Following the initialization period, the participant starts off on a journey through a fantasy world of dragons and sorcerers. Since, the “z” values are updated and transmitted continuously to the software, the software programmer may utilize the ability of the participant to alter his physiological variables to change outcomes of the game. For example, as illustrated in FIG. 13, if the “z” values for PST becomes greater than one (change in temperature recorded from a hand or finger of the participant greater than one standard deviation over running mean), the software programmer may provide the participant with the ability to shoot fireballs. If the values for “z” are −1<“z”<1, the programmer may provide the participant with no change in game play. If “z”<−1 (change in temperature less than one standard deviation below running mean), the programmer may allow the participant the ability to shoot ice swords. Another example may allow for change in game play based on the ability of the participant to modify his monitored heart rate. If “z”>0.5, then the programmer may program that there is no change in game play for the participant. If, however, −0.5<“z”<0.5 for heart rate, the programmer may provide the participant with a force field strength of 25%; if −1<“z”<−0.5, then the programmer may provide the participant with a 50% force field strength; if −1.5<“z”<−1, then the programmer may provide the participant with a 75% force field strength; and if “z”<−1.5, then the programmer may provide the participant with a 100% force field strength. One skilled in the art could conceive of a program designed specifically to create a continuum of effects over a range of “z” values. These scenarios are provided by way of example only and it is contemplated that different ranges, values of “z” may translate into any variety of features or changes in game play.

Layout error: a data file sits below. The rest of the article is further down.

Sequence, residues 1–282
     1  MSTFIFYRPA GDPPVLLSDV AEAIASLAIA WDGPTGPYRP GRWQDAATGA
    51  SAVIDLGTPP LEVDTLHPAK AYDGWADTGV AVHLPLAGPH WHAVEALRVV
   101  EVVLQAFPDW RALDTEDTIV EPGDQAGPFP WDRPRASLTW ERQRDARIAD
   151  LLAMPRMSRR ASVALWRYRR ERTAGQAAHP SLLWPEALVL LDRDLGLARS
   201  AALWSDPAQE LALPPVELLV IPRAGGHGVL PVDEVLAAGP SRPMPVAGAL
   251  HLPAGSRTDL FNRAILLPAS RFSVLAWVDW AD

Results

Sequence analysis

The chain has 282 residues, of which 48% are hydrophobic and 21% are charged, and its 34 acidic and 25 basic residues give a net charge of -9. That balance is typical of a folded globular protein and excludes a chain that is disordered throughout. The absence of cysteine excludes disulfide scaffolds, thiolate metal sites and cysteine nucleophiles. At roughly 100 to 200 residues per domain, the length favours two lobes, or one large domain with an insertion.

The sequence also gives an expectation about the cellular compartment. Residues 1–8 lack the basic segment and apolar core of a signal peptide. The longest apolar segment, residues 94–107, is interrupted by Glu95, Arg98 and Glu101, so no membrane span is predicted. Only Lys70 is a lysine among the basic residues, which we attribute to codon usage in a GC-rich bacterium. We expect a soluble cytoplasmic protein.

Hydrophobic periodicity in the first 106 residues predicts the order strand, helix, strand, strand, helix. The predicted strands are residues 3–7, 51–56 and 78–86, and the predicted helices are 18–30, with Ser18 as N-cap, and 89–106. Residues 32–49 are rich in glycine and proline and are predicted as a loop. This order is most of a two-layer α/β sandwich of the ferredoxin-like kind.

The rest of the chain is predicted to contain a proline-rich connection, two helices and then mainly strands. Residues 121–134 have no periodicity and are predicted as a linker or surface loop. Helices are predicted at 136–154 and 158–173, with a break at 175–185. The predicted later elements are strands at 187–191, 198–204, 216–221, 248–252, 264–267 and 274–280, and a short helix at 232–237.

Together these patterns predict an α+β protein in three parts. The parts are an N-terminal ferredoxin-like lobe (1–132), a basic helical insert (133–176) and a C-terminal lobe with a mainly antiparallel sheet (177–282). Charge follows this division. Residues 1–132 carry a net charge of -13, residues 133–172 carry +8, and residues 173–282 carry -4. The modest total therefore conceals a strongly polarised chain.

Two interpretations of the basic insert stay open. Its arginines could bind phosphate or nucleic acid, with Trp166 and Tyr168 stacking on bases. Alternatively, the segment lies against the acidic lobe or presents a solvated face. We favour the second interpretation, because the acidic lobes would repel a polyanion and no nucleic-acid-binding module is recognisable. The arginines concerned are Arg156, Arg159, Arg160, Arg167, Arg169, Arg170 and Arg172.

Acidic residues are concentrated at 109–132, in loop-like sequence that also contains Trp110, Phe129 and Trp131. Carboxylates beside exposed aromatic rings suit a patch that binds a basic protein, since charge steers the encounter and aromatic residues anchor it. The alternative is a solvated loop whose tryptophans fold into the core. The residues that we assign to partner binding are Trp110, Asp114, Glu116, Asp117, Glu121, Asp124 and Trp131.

In accordance with another embodiment, a handheld video game system is depicted in FIGS. 14 and 15. FIG. 14 illustrates a front view of a handheld video game system. A directional keypad 520 is located adjacent to function buttons A & B 522, 524. A select game button 526 and a start button 528 also are depicted in FIG. 14. FIG. 15 depicts a back view of a handheld video game system. As shown in FIG. 15, a game port 530 may be provided on the back of the handheld game system. Generally, three finger wells 550, 552, 554 are provided beneath the game port on the back of the handheld game system. It is contemplated that there may be more or less than three finger wells 550, 552, 554 provided to the shell of the handheld game system. The three or more basic sensors for monitoring physiological variables are located within the wells. The finger wells generally are configured to ensure contact between the sensors of the wells and the 2nd, 3rd, and 4th fingers of the participant. Each sensor may monitor a different physiological condition in each finger. For example, FIG. 15 illustrates an LED/photodiode 540 unit in the first well 550. As described above, the LED/photodiode 540 may monitor blood volume pulse, peripheral pulse, and respiration. A silver four electrode unit 542 is illustrated in the second well 552. This silver four electrode unit may monitor GSR and a one-lead ECG. The third well 554 may comprise a thermocouple 544. The thermocouple 544 may monitor peripheral skin temperature. A compartment 560, also shown in FIG. 15, allows for utilization of a portable power source, such as batteries.